October 7, 2002 |
The easiest way to assess your heart disease risk may be to measure your waist. A study of more than 9,000 white men and women found that the thickness of a person's midsection is more closely associated with other risk factors, such as cholesterol and glucose levels and blood pressure, than body mass index, or BMI. BMI, which is based on height and weight, has been used since the 1980s to estimate the risk of obesity-related diseases.
February 3, 2011 |
Heart disease, heart health, cardiovascular risk factors ... the terms will appear in infinite variety this month, as will the color red. If you don't know why (Valentine's Day is only part of the reason), you haven't been paying attention: February is American Heart Month and the American Heart Assn. has ramped up its Go Red for Women campaign. If you have been paying attention, good -- we can move on to more specific information. The point of the dual observances, of course, is to underscore the fact that cardiovascular disease claims about 2,200 lives a day in the United States.
September 13, 2011 |
Living in a poorer neighborhood might put people at greater risk for having a sudden cardiac arrest, a study finds. Researchers analyzed data on sudden cardiac arrests over one year among 9,235 people in four U.S. cities and three in Canada. They also looked at median household incomes from census tracts to determine the relationship between the arrests and socioeconomic status. In six of the seven cities, the frequency of sudden cardiac arrests was substantially greater in the lowest socioeconomic areas compared with the highest.
January 19, 2011 |
Statin drugs are used by millions of Americans to lower cholesterol, but should they be so widespread? A new study suggests maybe not. British researchers say there's little evidence that statin drugs prevent heart disease in people who are at low risk for the disease. The study involved a review of data on 34,272 patients at low risk for heart attack and stroke between 1994 and 2006. It was conducted by the Cochrane Collaboration, an international organization that reviews medical research.
August 30, 2010
African Americans who receive drug-coated stents have triple the risk of having a blood clot compared with other racial groups, researchers reported Monday. Stents are used to open blocked coronary arteries. Drug-coated stents release medication that can prevent the artery from becoming blocked again. Blood clots are a known risk of the procedure, although the probability of a clot is relatively low. However, a study of more than 7,000 patients found the rate of a life-threatening blood clot is much higher in blacks.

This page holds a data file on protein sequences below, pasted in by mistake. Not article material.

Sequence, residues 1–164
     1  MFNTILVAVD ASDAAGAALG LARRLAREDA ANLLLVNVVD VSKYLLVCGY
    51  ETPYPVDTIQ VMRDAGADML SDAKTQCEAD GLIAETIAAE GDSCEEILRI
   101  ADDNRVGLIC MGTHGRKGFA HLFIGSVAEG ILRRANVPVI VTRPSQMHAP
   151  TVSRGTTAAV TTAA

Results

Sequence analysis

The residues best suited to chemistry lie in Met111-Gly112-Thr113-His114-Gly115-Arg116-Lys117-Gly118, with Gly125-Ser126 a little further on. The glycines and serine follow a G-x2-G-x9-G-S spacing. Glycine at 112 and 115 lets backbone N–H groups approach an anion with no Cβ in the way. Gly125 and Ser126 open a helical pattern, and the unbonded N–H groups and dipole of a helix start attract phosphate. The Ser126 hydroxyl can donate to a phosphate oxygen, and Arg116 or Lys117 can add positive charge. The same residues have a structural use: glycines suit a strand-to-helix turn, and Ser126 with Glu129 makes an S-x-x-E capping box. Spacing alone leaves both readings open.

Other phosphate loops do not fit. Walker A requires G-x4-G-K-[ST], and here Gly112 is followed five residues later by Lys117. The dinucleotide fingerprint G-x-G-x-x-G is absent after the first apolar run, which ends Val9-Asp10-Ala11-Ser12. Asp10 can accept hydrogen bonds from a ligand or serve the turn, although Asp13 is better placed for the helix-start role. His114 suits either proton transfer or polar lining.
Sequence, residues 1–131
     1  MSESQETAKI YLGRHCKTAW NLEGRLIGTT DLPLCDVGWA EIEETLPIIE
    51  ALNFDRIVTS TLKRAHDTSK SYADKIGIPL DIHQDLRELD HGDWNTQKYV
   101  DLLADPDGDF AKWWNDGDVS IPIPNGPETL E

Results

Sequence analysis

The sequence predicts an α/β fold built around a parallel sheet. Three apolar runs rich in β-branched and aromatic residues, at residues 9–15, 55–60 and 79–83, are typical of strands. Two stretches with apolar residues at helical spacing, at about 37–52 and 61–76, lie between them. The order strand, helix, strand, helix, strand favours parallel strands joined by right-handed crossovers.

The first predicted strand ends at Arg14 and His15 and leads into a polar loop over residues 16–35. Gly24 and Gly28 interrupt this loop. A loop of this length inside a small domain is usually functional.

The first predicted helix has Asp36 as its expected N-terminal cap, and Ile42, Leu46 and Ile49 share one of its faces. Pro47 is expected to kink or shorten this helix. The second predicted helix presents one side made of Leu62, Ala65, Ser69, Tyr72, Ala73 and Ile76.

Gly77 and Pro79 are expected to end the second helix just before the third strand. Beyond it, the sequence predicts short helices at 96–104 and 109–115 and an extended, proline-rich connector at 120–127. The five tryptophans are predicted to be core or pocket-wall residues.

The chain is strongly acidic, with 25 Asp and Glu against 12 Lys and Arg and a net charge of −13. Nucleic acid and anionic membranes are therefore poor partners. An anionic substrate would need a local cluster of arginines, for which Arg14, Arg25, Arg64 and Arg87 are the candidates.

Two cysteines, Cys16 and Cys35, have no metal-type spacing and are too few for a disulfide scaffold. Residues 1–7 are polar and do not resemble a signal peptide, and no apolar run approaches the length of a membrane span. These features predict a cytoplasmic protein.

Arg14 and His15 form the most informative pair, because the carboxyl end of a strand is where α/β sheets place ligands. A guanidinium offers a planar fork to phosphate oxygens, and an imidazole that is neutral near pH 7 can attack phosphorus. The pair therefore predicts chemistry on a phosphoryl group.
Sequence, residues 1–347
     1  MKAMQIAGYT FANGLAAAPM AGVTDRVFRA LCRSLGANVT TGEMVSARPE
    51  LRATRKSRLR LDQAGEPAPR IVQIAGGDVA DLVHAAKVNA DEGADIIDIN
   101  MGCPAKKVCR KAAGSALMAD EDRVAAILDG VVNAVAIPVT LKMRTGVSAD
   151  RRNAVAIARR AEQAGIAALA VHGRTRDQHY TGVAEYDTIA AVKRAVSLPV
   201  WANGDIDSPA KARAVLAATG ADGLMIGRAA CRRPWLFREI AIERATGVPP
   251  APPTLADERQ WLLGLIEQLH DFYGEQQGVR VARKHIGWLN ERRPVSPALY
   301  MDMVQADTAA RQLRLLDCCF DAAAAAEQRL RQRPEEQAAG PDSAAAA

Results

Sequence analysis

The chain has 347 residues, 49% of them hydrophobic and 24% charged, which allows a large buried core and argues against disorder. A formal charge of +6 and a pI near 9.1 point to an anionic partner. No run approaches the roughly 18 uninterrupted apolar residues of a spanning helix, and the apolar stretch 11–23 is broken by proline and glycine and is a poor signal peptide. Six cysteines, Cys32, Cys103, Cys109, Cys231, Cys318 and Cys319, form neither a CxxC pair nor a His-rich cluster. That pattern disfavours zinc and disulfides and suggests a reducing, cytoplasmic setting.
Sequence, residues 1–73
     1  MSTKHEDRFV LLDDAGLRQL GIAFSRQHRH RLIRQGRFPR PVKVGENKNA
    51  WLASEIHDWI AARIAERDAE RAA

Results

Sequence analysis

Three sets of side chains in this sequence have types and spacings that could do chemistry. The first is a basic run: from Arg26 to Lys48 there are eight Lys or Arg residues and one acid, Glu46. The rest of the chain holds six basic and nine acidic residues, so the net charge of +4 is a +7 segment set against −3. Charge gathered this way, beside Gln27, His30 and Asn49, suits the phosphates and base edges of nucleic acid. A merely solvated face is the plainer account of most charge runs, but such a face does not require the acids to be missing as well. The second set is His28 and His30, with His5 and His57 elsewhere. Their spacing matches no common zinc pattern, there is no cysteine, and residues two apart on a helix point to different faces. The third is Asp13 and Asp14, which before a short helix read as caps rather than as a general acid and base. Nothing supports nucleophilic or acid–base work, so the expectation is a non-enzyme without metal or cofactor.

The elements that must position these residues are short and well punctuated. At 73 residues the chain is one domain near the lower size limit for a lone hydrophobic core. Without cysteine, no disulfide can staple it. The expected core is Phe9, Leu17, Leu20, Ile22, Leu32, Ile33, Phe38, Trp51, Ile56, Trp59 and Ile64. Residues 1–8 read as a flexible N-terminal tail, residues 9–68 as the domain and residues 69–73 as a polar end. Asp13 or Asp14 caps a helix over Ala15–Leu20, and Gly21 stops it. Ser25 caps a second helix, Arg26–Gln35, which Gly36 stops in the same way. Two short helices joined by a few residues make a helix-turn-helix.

October 27, 2009 |
Middle-aged men still have higher rates of heart attacks and heart disease than middle-aged women, but those gender differences appear to be narrowing, according to a study published Monday. The findings follow earlier research, published in a 2007 issue of the journal Neurology, establishing that stroke prevalence among women ages 45 to 54 was double that of men of the same age. Together, the findings suggest "an ominous trend in cardiovascular health among midlife women," said the lead author of both studies, Dr. Amytis Towfighi, an assistant professor of neurology at the University of Southern California.
CALIFORNIA | LOCAL
March 30, 2010 |
Responding to recent deaths among children who passed through Los Angeles County's child welfare system, Supervisor Mark Ridley-Thomas renewed his call Monday to improve the computer system designed to provide county agencies with information about a child's risk factors for abuse. The Times reported Sunday that an upgraded system for sharing information among agencies about suspicious injuries, domestic violence and other key risk factors was one of a number of unfinished reform efforts.
February 14, 2012 |
Flowers and Lakers tickets are nice Valentine's Day gifts. But a guide to taking care of your flesh-and-blood heart is a great idea too. Take a look at " Heart 411 : The Only Guide to Heart Health You'll Ever Need. " This new book is authored by two of the top guns in cardiology: Dr. Marc Gillinov and Dr. Steven Nissen of the Cleveland Clinic. The two doctors are on the cutting edge of heart health and have been outspoken about protecting consumers from harmful or unnecessary therapies.
February 15, 2011 |
Awareness of women's heart health has improved over the last 30 years, but cardiovascular disease still causes a woman to die every minute, reports an article in the journal Circulation detailing the American Heart Assn.'s new cardiovascular disease prevention guidelines for women. Many of the guidelines, which were released on Tuesday, are familiar. To minimize risk, women should avoid smoking; should exercise regularly; should eat a diet packed with fruits, vegetables, whole grains and fish; should keep to a healthy body weight and should treat their heart disease once they know they have it. Doctors are also urged to screen patients for depression, because people who are receiving treatment for depression are more likely to follow medical advice than those who aren't.